Now what? After years of struggle and strategy in court rooms, television studios, state houses, and old-fashioned protest marches, marriage equality finally had its day before the highest court of the land last week. As movement leaders plan and prepare for the Supreme Court’s ruling (likely in late June), let me dust off my law license and offer a layman’s view of what is likely to happen from here.
Despite all the intensive media coverage, it may have still been difficult to understand exactly what was at stake from a legal standpoint. In a fairly unusual procedural move (befitting the importance of the issue), the Court heard two separate cases relating to marriage equality.
- Proposition 8 in California - The Prop 8 case was, in some ways, the clearest in that it involved the simple right of same-sex couples to marry. People forget that for a few months in 2008, same-sex marriage was legal in California after the State Supreme Court struck down the state’s laws banning marriage equality. Prop 8, coming six months after the court decision, reinstated that ban. The West Coast federal appellate courts then struck down Prop 8, but everything had been in limbo pending the Supreme Court decision;
- (So-called) Defense of Marriage Act (DOMA) – Back in 1996, showing where our politics stood less than 20 years ago, Congress and President Clinton enacted DOMA which banned the federal government from providing benefits to same-sex couples even if they were married in a state what recognized marriage equality. The case before the Supreme Court – brought by a lesbian widow – challenged the constitutionality of DOMA.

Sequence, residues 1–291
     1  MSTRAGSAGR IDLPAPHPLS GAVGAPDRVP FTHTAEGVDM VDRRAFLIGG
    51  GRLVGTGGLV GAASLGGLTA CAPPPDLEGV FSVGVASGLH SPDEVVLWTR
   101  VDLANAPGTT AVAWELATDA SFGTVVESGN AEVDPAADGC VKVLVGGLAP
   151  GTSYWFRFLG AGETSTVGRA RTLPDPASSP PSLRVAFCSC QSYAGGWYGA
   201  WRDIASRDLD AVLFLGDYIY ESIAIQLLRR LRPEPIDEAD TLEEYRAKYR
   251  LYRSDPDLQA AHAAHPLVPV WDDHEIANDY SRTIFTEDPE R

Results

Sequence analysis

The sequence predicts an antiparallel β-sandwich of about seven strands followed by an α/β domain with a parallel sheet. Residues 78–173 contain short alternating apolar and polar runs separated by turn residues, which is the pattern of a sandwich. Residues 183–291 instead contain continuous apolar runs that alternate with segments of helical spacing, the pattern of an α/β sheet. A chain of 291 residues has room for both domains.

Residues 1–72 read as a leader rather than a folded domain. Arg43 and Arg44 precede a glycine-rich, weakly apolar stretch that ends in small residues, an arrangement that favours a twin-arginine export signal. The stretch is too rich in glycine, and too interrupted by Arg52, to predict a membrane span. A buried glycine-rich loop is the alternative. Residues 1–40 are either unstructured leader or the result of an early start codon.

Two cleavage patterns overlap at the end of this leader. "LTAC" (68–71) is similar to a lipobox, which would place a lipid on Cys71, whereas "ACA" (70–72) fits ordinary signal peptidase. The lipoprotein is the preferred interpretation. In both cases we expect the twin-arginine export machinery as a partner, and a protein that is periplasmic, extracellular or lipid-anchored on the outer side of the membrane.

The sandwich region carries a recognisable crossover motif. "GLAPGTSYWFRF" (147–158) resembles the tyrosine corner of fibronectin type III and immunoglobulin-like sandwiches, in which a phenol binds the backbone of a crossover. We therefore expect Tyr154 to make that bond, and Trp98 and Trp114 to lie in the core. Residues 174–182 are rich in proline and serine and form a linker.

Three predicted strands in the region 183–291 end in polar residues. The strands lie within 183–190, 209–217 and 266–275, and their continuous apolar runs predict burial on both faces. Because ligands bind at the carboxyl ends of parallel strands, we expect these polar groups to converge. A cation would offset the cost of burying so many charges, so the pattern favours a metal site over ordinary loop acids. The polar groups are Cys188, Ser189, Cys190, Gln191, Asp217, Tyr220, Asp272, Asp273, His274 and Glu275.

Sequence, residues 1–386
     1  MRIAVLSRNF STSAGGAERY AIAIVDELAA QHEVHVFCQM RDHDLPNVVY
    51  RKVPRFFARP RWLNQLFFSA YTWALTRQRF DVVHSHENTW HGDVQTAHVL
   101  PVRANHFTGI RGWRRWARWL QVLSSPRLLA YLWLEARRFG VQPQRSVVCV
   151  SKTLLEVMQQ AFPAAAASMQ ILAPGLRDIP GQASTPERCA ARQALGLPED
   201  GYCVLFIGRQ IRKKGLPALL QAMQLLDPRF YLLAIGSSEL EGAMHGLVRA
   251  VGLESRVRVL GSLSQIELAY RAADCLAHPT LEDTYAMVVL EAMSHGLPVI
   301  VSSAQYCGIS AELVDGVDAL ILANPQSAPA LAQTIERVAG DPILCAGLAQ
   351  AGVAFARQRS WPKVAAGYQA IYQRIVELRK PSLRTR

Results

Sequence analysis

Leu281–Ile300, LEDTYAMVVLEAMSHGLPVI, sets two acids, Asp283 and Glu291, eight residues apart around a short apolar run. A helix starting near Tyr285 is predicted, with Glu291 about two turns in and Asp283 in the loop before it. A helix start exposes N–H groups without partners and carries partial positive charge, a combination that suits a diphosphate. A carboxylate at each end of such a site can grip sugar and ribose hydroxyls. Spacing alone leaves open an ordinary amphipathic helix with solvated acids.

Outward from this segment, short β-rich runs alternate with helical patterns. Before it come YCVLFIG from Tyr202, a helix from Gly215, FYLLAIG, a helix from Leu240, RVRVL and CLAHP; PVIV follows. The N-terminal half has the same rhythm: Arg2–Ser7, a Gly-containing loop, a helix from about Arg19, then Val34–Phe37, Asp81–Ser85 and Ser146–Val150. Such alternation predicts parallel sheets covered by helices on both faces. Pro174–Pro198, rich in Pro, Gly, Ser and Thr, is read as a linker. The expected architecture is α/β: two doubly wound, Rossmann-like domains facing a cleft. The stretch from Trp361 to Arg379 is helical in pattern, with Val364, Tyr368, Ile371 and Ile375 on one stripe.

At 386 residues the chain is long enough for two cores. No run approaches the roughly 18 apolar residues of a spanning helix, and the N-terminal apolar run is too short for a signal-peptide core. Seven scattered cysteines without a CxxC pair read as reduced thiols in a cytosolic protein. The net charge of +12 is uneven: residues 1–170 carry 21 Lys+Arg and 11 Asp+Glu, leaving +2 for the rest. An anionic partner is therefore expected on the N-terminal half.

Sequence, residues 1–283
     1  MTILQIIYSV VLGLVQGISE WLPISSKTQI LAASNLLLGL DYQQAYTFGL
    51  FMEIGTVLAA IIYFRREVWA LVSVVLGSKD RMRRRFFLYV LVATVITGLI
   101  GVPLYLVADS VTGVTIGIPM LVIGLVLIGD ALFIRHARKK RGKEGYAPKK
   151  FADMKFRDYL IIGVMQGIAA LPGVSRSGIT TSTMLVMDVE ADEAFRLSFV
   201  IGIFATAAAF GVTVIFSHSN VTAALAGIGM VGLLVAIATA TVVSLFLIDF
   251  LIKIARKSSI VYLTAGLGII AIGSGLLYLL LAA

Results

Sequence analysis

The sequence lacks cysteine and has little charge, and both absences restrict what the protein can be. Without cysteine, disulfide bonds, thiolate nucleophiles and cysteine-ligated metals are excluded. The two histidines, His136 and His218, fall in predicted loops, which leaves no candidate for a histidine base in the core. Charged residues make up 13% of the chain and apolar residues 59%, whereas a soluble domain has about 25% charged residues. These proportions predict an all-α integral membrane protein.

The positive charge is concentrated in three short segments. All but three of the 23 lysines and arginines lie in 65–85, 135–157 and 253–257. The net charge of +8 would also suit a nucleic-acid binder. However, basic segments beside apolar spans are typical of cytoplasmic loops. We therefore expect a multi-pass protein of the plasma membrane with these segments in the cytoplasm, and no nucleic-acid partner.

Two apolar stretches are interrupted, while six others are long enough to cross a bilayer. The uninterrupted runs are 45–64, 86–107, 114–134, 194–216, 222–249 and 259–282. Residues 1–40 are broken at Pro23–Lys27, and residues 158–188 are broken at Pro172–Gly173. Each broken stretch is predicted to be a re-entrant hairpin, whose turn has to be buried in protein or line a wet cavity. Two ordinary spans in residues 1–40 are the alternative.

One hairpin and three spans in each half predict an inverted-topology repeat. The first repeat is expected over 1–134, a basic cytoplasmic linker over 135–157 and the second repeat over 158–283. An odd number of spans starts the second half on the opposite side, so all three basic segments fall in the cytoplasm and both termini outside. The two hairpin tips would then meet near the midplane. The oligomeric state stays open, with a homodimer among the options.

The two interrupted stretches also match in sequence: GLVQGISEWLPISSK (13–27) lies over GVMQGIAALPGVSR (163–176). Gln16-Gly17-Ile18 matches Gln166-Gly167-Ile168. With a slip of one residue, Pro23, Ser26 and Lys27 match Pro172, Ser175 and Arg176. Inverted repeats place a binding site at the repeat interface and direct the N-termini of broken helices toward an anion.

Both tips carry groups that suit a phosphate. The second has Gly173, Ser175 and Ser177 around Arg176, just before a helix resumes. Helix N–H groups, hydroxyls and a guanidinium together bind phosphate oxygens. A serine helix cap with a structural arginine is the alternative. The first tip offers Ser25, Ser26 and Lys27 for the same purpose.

Most legal observers think that, judging from the questions and comments of the Justices during oral argument, both DOMA and Prop 8 are doomed. That’s the good news (more on that in a minute). If the Court shocks the nation and upholds both Prop 8 and DOMA, then we will still have a divided nation where the tide has turned, profoundly, in favor of marriage equality (some speculate that the conservative justices pushed to hear the cases because they knew this was their last best chance to hold back the tide of marriage equality in America).
I said that the more likely outcome of striking down Prop 8 and DOMA was the good news. The less good, but not surprising, news is that the Court will probably do so by finding a procedural “out” that does not decisively affirm lesbian and gay equality (not surprising because the Supreme Court has never been a paragon of courage and leadership). In the Prop 8 case, the justices seemed drawn to the conclusion that the proponents of Prop 8 did not actually have the right to even be bringing the case (and they’re right about that; only the Governor or Attorney General have what’s called “standing,” and both of them declined to defend Prop 8). With DOMA, the more liberal justices clearly want to strike it down as discriminatory, but it looks like the crucial fifth vote will come from Justice Kennedy who seems to see it as an improper use of federal power over the states (and at least Kennedy has the intellectual honesty to be consistent in his “states rights” beliefs; the others will willingly discard those beliefs when it’s convenient to express their moral distaste).